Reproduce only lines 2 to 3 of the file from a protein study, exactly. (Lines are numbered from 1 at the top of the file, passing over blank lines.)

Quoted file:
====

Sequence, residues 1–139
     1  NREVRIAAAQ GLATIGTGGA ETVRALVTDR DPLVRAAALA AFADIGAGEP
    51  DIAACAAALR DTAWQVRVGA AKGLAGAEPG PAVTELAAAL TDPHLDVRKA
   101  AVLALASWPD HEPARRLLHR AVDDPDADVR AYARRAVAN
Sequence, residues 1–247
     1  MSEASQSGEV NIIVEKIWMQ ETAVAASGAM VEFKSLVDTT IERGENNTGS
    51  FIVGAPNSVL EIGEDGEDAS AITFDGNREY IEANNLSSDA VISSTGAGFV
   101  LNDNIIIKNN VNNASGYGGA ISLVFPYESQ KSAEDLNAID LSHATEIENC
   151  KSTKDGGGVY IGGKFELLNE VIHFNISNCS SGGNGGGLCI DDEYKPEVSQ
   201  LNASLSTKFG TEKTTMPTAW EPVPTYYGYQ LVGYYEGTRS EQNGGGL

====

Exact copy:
     1  NREVRIAAAQ GLATIGTGGA ETVRALVTDR DPLVRAAALA AFADIGAGEP
    51  DIAACAAALR DTAWQVRVGA AKGLAGAEPG PAVTELAAAL TDPHLDVRKA